Netflix’s Leila Taps Deepa Mehta, Gurgaon’s Shanker Raman, Kannada Filmmaker Pawan Kumar as Directors

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Netflix’s Leila Taps Deepa Mehta, Gurgaon’s Shanker Raman, Kannada Filmmaker Pawan Kumar as Directors

Photo Credit: Shanker Raman, Simon & Schuster India, Pawan Kumar, and Deepa Mehta

(Clockwise from left) Shanker Raman, Pawan Kumar, and Deepa Mehta

Highlights

  • Deepa Mehta was announced as director earlier this month
  • Shanker Raman, Pawan Kumar join the list
  • Leila will release in 2019 on Netflix

Adding to its earlier announcement of Deepa Mehta directing episodes of Leila, Netflix has announced two new directors for its dystopian India original series: Shanker Raman (Gurgaon) and Pawan Kumar (Lucia). The three will handle the total of six episodes among themselves, with Mehta helming the first two. Huma Qureshi (Badlapur) and Siddharth (Rang De Basanti) are currently the only known cast members. Leila will release in 2019 on Netflix.

Based on journalist-turned-writer Prayaag Akbar's 2017 book of the same name, Leila is currently in production in New Delhi. Urmi Juvekar (Oye Lucky! Lucky Oye!) is the showrunner, while Mehta also serves as a creative executive producer for the Netflix series. Mehta is best known for her Elements trilogy — 1996's Fire, 1998's Fire, and 2005's Water — and 2012's Midnight's Children. She was officially announced as a director for Leila at a Netflix event in Singapore earlier in November.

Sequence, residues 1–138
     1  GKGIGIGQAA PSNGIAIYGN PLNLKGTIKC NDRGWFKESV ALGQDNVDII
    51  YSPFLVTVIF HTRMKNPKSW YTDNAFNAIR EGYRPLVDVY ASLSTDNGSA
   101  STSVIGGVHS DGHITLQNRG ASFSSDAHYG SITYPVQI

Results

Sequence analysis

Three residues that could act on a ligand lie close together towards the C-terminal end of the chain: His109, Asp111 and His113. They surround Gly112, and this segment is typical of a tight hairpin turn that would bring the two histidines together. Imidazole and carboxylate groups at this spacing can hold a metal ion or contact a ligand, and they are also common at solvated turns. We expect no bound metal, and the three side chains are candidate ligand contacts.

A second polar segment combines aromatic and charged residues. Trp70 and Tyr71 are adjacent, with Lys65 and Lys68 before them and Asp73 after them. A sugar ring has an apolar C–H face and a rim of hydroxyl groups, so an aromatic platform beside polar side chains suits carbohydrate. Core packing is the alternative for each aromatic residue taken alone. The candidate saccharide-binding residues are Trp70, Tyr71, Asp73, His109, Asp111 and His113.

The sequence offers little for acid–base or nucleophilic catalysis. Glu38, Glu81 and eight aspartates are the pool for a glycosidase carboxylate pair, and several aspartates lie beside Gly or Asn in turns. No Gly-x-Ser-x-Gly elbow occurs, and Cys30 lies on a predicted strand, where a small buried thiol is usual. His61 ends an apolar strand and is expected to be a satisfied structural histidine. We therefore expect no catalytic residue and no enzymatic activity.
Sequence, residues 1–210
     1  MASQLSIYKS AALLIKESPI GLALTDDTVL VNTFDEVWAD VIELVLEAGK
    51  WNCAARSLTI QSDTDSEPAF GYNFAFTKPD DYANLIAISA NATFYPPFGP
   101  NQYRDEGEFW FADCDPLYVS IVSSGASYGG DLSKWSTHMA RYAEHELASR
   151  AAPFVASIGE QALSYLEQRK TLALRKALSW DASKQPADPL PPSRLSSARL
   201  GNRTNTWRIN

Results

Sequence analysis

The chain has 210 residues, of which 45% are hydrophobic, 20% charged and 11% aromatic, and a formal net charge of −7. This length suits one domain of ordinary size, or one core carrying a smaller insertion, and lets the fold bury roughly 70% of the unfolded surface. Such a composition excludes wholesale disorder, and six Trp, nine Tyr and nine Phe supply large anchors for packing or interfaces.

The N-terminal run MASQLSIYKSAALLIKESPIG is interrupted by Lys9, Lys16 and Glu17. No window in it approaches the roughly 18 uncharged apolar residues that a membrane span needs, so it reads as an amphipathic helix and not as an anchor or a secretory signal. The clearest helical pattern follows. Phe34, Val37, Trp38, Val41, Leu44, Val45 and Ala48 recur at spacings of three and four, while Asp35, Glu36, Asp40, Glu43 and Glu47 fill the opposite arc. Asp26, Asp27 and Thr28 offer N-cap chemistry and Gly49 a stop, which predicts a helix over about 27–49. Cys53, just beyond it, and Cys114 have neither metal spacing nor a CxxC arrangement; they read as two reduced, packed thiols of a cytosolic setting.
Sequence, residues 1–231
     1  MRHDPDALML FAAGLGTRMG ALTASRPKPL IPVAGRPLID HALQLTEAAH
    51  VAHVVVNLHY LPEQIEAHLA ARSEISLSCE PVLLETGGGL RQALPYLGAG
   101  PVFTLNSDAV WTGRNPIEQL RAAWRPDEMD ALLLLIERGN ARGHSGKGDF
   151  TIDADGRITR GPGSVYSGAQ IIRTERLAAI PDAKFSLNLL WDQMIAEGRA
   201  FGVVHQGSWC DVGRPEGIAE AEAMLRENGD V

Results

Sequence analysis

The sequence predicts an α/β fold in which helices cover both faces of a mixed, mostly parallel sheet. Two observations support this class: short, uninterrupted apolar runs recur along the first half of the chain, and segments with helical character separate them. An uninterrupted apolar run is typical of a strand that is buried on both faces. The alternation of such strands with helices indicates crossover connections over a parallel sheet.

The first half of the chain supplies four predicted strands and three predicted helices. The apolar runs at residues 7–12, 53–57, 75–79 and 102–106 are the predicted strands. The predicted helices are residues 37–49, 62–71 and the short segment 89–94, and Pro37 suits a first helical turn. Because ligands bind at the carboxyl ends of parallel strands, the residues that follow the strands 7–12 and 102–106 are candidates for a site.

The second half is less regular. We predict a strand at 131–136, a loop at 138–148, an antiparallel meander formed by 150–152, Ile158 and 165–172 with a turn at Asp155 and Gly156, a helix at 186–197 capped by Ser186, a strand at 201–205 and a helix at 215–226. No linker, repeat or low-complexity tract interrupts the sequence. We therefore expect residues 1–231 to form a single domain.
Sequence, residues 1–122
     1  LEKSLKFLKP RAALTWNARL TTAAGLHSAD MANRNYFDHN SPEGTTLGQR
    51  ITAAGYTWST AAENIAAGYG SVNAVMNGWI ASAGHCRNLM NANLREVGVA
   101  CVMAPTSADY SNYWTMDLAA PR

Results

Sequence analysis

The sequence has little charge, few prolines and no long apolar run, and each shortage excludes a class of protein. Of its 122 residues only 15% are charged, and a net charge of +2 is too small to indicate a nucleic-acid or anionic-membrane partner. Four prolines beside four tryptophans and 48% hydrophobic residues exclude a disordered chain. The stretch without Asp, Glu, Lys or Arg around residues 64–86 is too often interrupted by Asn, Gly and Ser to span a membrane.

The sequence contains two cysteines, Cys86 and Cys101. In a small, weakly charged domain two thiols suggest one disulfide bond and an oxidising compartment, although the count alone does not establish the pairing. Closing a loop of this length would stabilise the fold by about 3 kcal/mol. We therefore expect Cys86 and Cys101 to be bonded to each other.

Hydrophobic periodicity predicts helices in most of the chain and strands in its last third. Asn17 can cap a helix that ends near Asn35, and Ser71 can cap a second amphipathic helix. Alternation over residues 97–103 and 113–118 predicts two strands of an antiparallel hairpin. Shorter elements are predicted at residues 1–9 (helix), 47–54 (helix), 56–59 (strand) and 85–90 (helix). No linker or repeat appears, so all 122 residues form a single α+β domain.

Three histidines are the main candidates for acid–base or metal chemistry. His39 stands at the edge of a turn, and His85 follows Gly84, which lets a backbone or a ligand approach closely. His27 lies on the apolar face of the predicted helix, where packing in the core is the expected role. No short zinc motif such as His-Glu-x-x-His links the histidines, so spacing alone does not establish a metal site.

Raman turned director on 2017's Gurgaon, which he also co-wrote, after working as a cinematographer for over two decades on films such as Anurag Kashyap's Mukkabaaz. Kumar is mostly known for his work in the Kannada film industry, including the 2013 psychological thriller Lucia and the 2016 mystery-thriller U Turn, which he remade himself in Tamil and Telugu this year.

Here's the official synopsis for Leila from Netflix:

“In a digitised city, sometime in the near future, as an obsession with purity escalates, walls come up dividing and confining communities. Behind the walls, high civic order prevails. In the forgotten spaces between, where garbage gathers and disease festers, Shalini must search for Leila, the daughter she lost one tragic summer two years ago. Skirting surveillance systems and thuggish repeaters, Shalini - once wealthy, with perhaps a wayward past; now a misfit, pushed to the margins - is propelled only by her search.”

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